Id. at 221 (select internal quotation marks, citation, and alterations omitted). The explanation must be "thorough" and more than a "conclusory statement of personal belief." Id. (citations omitted); see also United States v. Lychock, 578 F.3d 214, 220 (3d Cir. 2009) ("To the extent that [the district court's] assertions reflect a policy disagreement with the Guidelines recommendations, such a disagreement is permissible only if a [d]istrict [c]court provides 'sufficiently compelling' reasons to justify it." (quoting Gall, 552 U.S. at 50)); United States v. Goff, 501 F.3d 250, 257 (3d Cir. 2007).

Additionally, the Supreme Court has indicated that "closer review may be in order when the sentencing judge varies from the Guidelines based solely on the judge's view that the Guidelines range fails properly to reflect § 3553(a) considerations even in a mine-run case." Kimbrough, 551 U.S. at 109 (internal quotation marks and citation omitted); see also Spears, 129 S.Ct. at 843 (stating that Kimbrough implies that an "'inside the heartland' departure . . . may be entitled to less respect"). Notably, the Kimbrough Court concluded that "closer review" there was unnecessary because the crack cocaine Guidelines at issue "do not exemplify the Commission's exercise of its characteristic institutional role." 552 U.S. at 109.*fn3 Similarly here, as we will describe, the Commission did not do what "an exercise of its characteristic institutional role" required -- develop § 2G2.2 based on research and study rather than reacting to changes adopted or directed by Congress.

III. Was Procedural Error Committed?

The government is explicit: it is not arguing substantive reasonableness on this appeal, i.e., it does not oppose the sentence itself -- five years imprisonment. Rather, its argument as to "the issue" before us is one of procedural error only: "Whether the District Court committed numerous procedural errors when it categorically rejected U.S.S.G. § 2G2.2 without adequately addressing the government's well-supported arguments about the rationales of Congress and the Sentencing Commission, which are embodied in the Guideline."

(Government's First-Step Br. at 1.)*fn4 We will first discuss the District Court's recognition of the rationale behind the penalties for child pornography offenses and its consideration of the government's arguments in support of § 2G2.2, and then describe various court decisions and Sentencing Commission reports that issued after the Court's decision in this case and support the Court's analysis. As we will explain, we conclude that the Court adequately considered the government's arguments and set forth a sufficiently compelling justification for the sentence it imposed. We will then discuss some of the specific procedural errors alleged by the government and echoed by the dissent. While we agree that the Court erred in some respects, we do not find any significant procedural error warranting remand.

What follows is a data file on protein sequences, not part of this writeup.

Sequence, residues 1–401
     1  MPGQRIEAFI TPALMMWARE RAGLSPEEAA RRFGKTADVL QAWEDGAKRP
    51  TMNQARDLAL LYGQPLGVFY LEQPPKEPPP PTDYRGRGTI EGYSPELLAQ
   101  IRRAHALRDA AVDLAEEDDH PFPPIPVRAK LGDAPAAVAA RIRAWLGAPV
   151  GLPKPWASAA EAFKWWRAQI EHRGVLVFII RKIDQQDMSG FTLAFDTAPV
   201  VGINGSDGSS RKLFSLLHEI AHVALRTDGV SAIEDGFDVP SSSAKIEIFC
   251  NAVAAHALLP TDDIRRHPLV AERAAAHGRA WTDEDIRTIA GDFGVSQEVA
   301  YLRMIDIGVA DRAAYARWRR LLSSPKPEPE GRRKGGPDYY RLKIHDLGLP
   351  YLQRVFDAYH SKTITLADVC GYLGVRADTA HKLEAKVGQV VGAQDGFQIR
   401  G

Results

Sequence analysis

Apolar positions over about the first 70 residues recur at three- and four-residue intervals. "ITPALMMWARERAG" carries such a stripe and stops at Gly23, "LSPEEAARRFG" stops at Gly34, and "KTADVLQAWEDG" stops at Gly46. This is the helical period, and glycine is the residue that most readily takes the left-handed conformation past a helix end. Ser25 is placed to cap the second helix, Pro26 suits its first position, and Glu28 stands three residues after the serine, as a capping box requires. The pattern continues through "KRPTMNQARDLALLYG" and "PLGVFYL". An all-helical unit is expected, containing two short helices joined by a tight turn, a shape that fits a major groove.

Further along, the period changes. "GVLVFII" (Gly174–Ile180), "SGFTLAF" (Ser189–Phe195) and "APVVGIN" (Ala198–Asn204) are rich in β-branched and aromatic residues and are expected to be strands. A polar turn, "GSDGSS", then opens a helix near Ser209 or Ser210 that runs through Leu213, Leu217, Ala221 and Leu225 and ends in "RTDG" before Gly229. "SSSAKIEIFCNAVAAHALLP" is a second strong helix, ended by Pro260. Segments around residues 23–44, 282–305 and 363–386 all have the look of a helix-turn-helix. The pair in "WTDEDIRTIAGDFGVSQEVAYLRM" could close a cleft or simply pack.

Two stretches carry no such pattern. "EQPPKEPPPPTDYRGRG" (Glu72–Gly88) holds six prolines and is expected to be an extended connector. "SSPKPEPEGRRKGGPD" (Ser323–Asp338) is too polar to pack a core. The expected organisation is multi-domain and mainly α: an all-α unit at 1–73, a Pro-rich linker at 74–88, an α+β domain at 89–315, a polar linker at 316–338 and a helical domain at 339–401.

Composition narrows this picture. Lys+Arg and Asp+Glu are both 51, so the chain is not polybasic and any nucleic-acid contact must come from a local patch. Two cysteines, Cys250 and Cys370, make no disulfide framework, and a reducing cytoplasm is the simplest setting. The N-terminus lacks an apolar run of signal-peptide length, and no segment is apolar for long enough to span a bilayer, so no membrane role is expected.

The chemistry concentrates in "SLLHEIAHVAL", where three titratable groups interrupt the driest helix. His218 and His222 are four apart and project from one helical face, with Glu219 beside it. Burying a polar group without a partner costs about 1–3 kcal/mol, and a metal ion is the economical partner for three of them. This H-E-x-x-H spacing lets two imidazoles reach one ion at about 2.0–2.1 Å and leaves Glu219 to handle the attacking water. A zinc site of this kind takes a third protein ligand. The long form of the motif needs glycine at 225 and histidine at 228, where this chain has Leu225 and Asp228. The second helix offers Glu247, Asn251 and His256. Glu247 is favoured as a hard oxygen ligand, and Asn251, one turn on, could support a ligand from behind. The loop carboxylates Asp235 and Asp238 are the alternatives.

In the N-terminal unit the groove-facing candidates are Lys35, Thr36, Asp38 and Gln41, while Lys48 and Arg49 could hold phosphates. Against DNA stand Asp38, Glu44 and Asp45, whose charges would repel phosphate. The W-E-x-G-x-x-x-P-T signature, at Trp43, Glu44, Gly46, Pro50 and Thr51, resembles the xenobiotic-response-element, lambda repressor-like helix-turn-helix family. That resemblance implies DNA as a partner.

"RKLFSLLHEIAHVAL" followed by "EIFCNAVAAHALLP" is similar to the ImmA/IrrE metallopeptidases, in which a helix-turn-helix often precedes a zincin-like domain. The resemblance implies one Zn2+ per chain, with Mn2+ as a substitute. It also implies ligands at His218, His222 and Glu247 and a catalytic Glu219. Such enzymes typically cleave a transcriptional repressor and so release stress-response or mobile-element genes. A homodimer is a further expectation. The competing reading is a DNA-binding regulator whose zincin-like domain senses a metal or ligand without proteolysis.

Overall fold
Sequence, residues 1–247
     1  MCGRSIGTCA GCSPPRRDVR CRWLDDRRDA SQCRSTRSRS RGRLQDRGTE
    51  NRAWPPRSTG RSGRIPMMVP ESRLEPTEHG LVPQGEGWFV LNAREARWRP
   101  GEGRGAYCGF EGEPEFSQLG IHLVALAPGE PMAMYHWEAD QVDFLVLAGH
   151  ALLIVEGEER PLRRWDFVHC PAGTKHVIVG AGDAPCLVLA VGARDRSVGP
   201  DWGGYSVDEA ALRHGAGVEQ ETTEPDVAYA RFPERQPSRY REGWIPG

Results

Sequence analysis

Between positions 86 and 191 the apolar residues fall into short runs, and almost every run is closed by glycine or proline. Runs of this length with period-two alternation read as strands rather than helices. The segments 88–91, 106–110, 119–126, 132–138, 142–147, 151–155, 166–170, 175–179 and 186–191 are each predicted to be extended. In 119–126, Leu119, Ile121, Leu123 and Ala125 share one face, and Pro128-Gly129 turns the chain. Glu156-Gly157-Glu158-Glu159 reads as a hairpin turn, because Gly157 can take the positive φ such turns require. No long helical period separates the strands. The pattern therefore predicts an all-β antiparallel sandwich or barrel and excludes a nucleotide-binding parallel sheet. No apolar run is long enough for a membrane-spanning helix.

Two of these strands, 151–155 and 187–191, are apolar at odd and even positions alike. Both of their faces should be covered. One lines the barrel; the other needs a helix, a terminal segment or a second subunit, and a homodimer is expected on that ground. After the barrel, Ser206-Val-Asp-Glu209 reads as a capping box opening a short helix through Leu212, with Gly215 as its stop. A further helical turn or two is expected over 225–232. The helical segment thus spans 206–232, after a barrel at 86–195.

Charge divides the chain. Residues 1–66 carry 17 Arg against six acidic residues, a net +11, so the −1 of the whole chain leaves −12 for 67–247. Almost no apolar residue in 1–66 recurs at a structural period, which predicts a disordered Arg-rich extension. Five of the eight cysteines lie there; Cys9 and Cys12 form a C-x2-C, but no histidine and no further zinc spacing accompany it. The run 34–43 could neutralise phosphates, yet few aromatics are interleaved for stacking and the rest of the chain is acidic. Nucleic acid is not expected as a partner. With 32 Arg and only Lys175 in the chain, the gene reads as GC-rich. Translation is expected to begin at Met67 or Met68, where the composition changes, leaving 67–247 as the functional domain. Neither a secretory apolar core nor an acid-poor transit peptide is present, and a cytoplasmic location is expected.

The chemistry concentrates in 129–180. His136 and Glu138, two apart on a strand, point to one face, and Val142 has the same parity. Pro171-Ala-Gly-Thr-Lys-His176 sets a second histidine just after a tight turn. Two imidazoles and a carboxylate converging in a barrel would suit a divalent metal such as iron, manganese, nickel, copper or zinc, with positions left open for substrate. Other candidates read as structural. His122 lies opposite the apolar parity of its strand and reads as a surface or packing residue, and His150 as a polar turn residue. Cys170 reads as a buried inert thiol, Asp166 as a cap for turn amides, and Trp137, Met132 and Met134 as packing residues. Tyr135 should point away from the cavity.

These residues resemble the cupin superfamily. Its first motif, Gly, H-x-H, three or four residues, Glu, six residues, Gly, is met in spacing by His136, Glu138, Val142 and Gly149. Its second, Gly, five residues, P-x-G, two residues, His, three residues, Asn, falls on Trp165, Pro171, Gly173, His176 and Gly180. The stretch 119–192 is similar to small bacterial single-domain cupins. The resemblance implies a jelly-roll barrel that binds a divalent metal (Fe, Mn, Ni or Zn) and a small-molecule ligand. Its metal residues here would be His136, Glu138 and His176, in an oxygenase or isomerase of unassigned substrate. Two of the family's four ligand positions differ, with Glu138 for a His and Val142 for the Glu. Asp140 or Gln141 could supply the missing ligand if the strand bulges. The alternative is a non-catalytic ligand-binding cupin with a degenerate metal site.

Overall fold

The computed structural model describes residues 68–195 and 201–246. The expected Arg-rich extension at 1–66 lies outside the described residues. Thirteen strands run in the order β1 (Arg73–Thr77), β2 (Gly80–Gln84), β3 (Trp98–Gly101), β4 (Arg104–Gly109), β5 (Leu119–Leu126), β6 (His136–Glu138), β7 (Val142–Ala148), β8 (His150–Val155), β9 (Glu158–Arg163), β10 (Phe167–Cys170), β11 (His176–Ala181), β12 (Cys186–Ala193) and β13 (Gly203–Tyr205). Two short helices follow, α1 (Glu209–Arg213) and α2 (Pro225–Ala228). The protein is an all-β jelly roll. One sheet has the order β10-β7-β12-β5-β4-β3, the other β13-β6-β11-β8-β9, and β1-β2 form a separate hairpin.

A. The District Court Adequately Addressed the Government's Arguments Regarding the Rationale for § 2G2.2

It is clear, and the government does not argue otherwise, that the District Court properly calculated the Guidelines range, treated that range as advisory, fully considered the § 3553(a) factors as applied to Grober, and did not base its sentence on any clearly erroneous facts. See Gall, 552 U.S. at 51. The Court explained at great length, both at sentencing and in its written opinion, the reasons it was concerned about § 2G2.2 in general and as applied to Grober in particular, and why it selected the sentence it did.

As its primary contention, the government faults the District Court for not "adequately addressing" its arguments about the rationale behind § 2G2.2, i.e., the rationale for the penalties § 2G2.2 counseled, but clarifies that it "does not argue that the District Court here was too terse, but instead that the reasons it did provide were erroneous." (Fed. R. App. P. 28(j) letter, April 16, 2010.) And it tells us, in its briefing, that "every single reason proffered by the Court for rejecting [§ 2G2.2's advisory sentencing range] was wrong" and "[t]herefore the Court procedurally erred in declining to consider those guidelines." (Government's Third-Step Br. at 2.) But if all of the reasons were wrong, a fortiori the Court considered § 2G2.2 and the government simply disagrees with what the Court said.

That, it seems to us, does not fit neatly into a claim of procedural unreasonableness. Indeed, to the extent there is such a thing as a "typical" procedural unreasonableness challenge, that challenge would be to a sentencing proceeding in which a district court failed to explain its reasoning, certainly not the case here. See, e.g., Merced, 603 F.3d at 211; Lychock, 578 F.3d at 219; Goff, 501 F.3d at 262. Even accepting the government's ...